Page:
Telecom Italia confirms it's exploring network spin-off, Mediaset deal

Wednesday 6 December 2017 | 08:40 CET | News

Telecom Italia (TIM) has finally confirmed that it will take steps to explore the separation of its national fixed-line network to address concerns from the Italian government, regulators and its competitors. In a statement following a board meeting called to discuss the 2018-2020 Business Plan and approve the 2018 preliminary budget, TIM said it would look into a possible spin-off of the network. "Over the coming months, the management will continue to examine various hypotheses to establish whether network separation is needed to address institutions’ input and to unlock value," said the company.

The announcement confirms recent reports that the company was planning to hire advisers to evaluate a separation of the grid, said to be worth up to EUR 15 billion, and possibly sell a minority stake to raise cash. Unnamed sources cited by Reuters suggested that TIM was trying to buy time with its latest announcement and was unlikely to make any decisions on the network before national elections due by May 2018.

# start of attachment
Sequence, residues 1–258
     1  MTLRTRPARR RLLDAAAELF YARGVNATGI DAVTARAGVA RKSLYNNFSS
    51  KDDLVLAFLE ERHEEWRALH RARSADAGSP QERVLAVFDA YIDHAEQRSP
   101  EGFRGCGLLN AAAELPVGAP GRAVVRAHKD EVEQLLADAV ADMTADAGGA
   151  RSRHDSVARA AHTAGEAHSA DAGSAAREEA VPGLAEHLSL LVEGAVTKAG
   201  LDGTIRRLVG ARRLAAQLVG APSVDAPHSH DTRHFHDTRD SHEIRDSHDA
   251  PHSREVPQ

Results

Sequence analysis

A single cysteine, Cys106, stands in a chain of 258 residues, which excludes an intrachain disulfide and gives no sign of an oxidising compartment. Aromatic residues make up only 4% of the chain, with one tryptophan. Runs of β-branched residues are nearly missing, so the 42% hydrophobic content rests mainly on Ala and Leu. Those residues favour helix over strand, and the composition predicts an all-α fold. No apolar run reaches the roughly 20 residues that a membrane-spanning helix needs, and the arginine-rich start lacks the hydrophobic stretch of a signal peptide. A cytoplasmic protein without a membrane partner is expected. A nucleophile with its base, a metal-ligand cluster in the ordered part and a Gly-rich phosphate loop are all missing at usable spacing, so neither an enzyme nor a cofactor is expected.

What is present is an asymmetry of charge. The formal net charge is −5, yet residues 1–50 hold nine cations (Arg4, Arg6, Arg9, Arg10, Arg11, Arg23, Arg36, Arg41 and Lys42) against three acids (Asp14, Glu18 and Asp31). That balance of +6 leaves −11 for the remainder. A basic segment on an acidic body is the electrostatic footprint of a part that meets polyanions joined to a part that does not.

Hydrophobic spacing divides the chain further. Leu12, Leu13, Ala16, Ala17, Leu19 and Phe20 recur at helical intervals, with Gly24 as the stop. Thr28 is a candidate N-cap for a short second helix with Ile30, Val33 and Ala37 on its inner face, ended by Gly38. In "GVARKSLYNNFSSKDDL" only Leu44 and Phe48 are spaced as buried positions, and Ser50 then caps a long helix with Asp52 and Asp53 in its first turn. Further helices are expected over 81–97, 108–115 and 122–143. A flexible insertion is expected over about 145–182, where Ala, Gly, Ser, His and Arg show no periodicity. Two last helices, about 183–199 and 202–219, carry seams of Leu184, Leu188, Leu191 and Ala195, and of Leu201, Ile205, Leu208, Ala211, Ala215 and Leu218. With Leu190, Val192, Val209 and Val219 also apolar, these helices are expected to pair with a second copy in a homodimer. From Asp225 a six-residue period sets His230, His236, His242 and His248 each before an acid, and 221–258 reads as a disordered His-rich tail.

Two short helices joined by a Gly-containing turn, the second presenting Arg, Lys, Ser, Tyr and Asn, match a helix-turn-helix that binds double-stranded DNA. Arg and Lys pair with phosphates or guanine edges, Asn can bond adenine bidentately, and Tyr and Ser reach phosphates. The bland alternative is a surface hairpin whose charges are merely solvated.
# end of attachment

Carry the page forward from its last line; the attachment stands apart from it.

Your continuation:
The current government has repeatedly expressed its concern about main shareholder Vivendi's influence over an asset considered in the national interest. Italian communications regulator Agcom last month announced that it would decide on new remedies to guarantee the neutrality and openness of the grid by the middle of next year, with one option being to force TIM to turn it into a separate but wholly-owned legal entity.

In its statement, TIM also announced that it’s in discussions with broadcaster Mediaset over "a new and comprehensive multi-year agreement" including movies, TV series and sport news. The company said the deal would come into force from 2018 with both linear and on-demand channels included to enrich the company’s TIMVision platform and its recently-launched 'TIM Show' multimedia content offer with music, video games, TV series and news available to TIM mobile users at no extra cost.

The agreement could be worth over EUR 400 million and could help settle the longstanding conflict between Mediaset and Vivendi, according to Italian press reports.

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